Work Cited Brown, Peter Hendee. “Philadelphia and Camden.” In America’s Waterfront Revival: Port Authories and Urban Redevelopment (The City in the Twenty-First Century). Philadelphia: University of Pennsylvania Press, 2008. 78-103. Cunha, Dilip Da, and Anuradha Mathur. Mississippi Floods: Designing a Shi ing Landscape. New Haven: Yale University Press, 2001. Kiefer, Ma hew. “Public Planning and Private Ini a ve: The South Boston Waterfront.” In Urban Planning Today: A Harvard Design Magazine Reader (Harvard Design Magazine). 1 ed. Minnesota: Univ Of Minnesota Press, 2006. 88. Franck, Karen A., and Quen n Stevens. Loose space: possibility and diversity in urban life. London: Routledge, 2007. Ghosn, Rania, and Gareth Doherty. Landscapes of energy. Cambridge, Mass.: Harvard University Graduate School of Design, 2009. Hayes, Brian. Infrastructure: a field guide to the industrial landscape. New York: W.W. Norton, 2005. “Industrial Past to an Industrial Future: Community Design Collabora ve Blog.” Community Design Collabora ve Blog. h p://blog.cdesignc.org/industrial-past-to-an-industrial-future/ (accessed November 12, 2010). J.W, Thomas. “A detailed glimpse at the PIDC industrial land use study | PlanPhilly: Planning Philadelphia’s Future.” PlanPhilly: Planning Philadelphia’s Future | Planning Philadelphia’s Future. h p://planphilly.com/detailed-glimpse-pidc-industrial-land-use-study (accessed November 10, 2010). “Mari me Commerce in Greater Philadelphia.” Issuu - You Publish. h p://issuu.com/cscoville/ docs/ports (accessed October 26, 2010). Mostafavi, Mohsen, and Gareth Doherty. Ecological urbanism . Baden, Switzerland: Lars Muller, 2010. Mcharg, Ian L. Design with Nature (Wiley Series in Sustainable Design). New Ed ed. New York, NY: Wiley, 1995. Mossop, Elizabeth. “Landscapes as Infrastructure.” In The Landscape Urbanism Reader. 1 ed. New York: Princeton Architectural Press, 2006. 163-178. “Na onal Support for Urban Neighborhoods and Industry: Community Design Collabora ve Blog.” Community Design Collabora ve Blog. h p://blog.cdesignc.org/na onal-support-forurban-neighborhoods-and-industry/ (accessed November 12, 2010). “PIDC, Industrial Market Analysis and Land Use Strategy.” PIDC. h p://www.pidc-pa.org/ReportsAndStudies.asp (accessed November 10, 2010). 4.3


“Philadelphia used to have a lot of industry: Farewell to the Girard Point (Tidewater) Grain Elevator “ a study of Philadelphia’s built environment and landforms. h p://ruins.wordpresscom/2007/12/20/philadelphia-used-to-have-a-lot-of-industry-farewell-to-girard-point- dewatergrain-elevator/ (accessed October 17, 2010). Reed, Peter. Groundswell, construc ng the contemporary landscape. New York: Museum Of Modern Art, 2005. SchroÌ’der, Thies. Changes in scenery: contemporary landscape architecture in Europe. Basel: Birkhäuser, 2001. Schwartz, Martha. “Ecological Urbanism and the Landscape.” In Ecological Urbanism. 1 ed. Baden, Switzerland: Lars MÃller Publishers, 2009. 525. Satler, Gail. “Millennium Park.” In Two Tales of a City: Rebuilding Chicago’s Architectural And Social Landscape, 1986-2005. DeKalb: Northern Illinois University Press, 2006. 157. School of Design of University of Pennsylvania. “A Civic Vision for the Central Delaware.” Issuu You Publish. h p://issuu.com/pennpraxis/docs/civic-vision-for-the-central-delaware (accessed September 9, 2010). Shane, Grahame. “The Emergence of Landscape Urbanism.” In The Landscape Urbanism Reader. 1 ed. New York: Princeton Architectural Press, 2006. 58. Smets, Kelly. Kelly Shannon,Marcel Smets’sThe Landscape of Contemporary Infrastructure [Hardcover](2010). Ro erdam: NAi Publishers, 2010. Steenbergen, Clemens M.. Composing landscapes analysis, typology and experiments for design. English ed. Basel: Birkhäuser, 2008. “Sunoco Chemicals’ Philadelphia, Pennsylvania Chemicals Plant.” Welcome to Sunoco Chemicals. h p://www.sunocochem.com/products/phila.htm (accessed October 14, 2010). Tiberghien, Gilles A., Michel Desvigne, and James Corner. “The Right Bank of Bordeaux, Bordeaux, France.” In Intermediate Natures the landscapes of Michel Desvigne. Basel: Birkhäuser, 2009. 49-58. Wrenn, Douglas M.. Urban Waterfront Development. Washington, DC: Urban Land Inst, 1983.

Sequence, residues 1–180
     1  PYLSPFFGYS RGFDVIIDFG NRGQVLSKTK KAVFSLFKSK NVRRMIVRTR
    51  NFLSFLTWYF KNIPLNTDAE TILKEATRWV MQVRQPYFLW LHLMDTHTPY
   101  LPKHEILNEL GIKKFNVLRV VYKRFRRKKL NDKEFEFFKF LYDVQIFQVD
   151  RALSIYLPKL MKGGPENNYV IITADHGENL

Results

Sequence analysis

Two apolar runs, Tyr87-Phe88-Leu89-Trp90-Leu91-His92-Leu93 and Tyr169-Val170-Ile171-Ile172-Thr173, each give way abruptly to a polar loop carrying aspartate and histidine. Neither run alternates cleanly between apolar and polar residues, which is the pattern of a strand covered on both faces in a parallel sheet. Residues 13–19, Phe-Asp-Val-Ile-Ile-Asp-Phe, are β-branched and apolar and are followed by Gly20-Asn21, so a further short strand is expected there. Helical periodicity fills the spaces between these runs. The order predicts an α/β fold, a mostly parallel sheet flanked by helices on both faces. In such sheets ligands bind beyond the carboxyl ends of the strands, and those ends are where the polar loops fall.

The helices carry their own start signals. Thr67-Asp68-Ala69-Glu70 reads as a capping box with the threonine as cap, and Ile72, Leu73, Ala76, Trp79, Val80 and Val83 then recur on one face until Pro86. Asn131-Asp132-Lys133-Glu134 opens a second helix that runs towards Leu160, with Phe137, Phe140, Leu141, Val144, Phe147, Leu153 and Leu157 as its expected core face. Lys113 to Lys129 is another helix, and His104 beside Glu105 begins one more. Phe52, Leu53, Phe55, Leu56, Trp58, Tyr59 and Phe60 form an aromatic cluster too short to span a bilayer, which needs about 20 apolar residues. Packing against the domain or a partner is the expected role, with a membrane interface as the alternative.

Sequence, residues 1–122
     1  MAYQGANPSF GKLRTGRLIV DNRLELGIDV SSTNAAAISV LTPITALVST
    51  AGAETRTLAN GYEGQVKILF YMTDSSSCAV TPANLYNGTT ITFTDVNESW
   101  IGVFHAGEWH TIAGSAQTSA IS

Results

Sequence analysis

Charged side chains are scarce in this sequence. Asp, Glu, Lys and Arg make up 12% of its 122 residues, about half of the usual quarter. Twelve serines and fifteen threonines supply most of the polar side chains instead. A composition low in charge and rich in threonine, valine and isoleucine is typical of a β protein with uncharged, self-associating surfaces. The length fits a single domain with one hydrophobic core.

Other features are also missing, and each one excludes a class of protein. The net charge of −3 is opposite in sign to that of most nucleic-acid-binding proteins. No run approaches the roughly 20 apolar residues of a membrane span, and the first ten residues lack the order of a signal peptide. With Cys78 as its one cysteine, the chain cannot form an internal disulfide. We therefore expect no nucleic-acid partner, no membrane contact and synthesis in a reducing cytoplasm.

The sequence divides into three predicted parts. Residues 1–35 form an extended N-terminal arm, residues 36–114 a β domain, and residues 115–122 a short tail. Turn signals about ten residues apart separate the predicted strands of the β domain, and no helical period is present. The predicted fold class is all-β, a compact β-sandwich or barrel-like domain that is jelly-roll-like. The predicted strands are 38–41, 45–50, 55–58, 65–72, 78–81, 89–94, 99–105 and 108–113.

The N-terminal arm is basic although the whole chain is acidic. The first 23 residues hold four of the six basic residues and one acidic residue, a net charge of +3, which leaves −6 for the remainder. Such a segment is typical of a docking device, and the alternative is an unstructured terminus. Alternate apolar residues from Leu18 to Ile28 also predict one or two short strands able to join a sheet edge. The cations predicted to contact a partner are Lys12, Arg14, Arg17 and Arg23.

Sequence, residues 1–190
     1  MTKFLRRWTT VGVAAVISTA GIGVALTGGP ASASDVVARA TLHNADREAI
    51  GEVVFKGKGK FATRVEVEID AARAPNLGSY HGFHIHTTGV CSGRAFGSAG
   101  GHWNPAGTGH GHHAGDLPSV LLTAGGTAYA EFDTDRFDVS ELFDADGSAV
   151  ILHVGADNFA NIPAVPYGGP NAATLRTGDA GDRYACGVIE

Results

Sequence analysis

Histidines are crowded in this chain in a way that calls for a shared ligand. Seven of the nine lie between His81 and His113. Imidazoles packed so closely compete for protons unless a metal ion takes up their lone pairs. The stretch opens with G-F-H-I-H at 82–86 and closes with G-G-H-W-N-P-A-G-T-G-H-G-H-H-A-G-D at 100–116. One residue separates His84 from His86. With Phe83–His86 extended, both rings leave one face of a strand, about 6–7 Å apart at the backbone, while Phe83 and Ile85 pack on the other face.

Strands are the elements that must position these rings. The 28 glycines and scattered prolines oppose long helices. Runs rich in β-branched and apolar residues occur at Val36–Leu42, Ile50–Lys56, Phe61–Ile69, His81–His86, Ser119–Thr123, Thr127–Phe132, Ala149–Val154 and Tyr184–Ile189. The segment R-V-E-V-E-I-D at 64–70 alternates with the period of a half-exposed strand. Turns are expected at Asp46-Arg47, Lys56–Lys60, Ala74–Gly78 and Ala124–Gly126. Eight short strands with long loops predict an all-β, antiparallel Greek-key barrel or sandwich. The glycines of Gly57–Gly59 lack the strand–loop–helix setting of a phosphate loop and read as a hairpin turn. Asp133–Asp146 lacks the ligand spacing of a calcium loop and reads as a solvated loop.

4.4


IMAGE REFERENCES 1 RESEARCH Figure 1.1“Olympic Sculpture Park Sea le, Washington.” Manfredi, Michael, and Marion Weiss. Surface/Subsurface. 1 ed. New York: Princeton Architectural Press, 2007. Print. Figure 1.2 “Aker Shipyard, Philadelphia Navy Yard” Kaitlin McDonald. Sep. 2010. Figure 1.3 “ Sunoco Co. Refinery, Philadelphia” Figure 1.4 “Millennium Park, Chicago”. Figure 1.5 Google Aerial Image of Gateway Area. Google. Sep. 2010. Figure 1.6 “Girard Point Bridge Looking Towards Philadelphia Navy Yard”

2 PRE-DESIGN Figure 2.1“Desvigne’s Phasing” Tiberghien, Gilles A., Michel Desvigne, and James Corner. “The Right Bank of Bordeaux, Bordeaux, France.” In Intermediate Natures the landscapes of Michel Desvigne. Basel: Birkhäuser, 2009. 48. Figure 2.2 “Phasing in Detail” ¬¬-----------. Figure 2.3 “Site Analysis” Kaitlin McDonald. Jan. 2011. Figure 2.4 “Site Analysis Detail” Kaitlin McDonald. Jan. 2011. Figure 2.5 “ Sunoco Co. Entrance” Kaitlin McDonald. Sep. 2010.

3 DESIGN Figure 3.2 Figure 3.3 Figure 3.4 Figure 3.5 Figure 3.6 Figure 3.7 Figure 3.8 Figure 3.9 Figure 3.10 Figure 3.11 Figure 3.12 Figure 3.13 Figure 3.14“

4.5

Google Earth Aerial Photo. Google. Sep. 2010. “ Site Scale” Kaitlin McDonald. Oct. 2010 “ Site Users” Kaitlin McDonald. Apr. 2011. “Program Coding and Module Sizes” Kaitlin McDonald. Mar. 2011. “Module Sec ons” Kaitlin McDonald. Mar. 2011. “Module Configura on” Kaitlin McDonald. Mar. 2011. “Tendencies of Floa ng Objects” Kaitlin McDonald. Apr. 2011. “Edge Condi ons” Kaitlin McDonald. Apr. 2011. “Overall System Organiza on with Moving Bridge” Kaitlin McDonald. Apr. 2011. “Detailed Plan of Navy Yard Site with Program Coding” Kaitlin McDonald. Mar. 2011. “Detailed Sec ons of Navy Yard Site” Kaitlin McDonald. Apr. 2011. “Detailed Rendered Plan of Navy Yard Site” Kaitlin McDonald. Apr. 2011. Detailed Sec ons of Navy Yard Site” Kaitlin McDonald. Apr. 2011.


G AT E W AY T O P H I L A D E L P H I A


Gateway to Philadelphia  

Thesis Document 2011, Temple University Architecture Program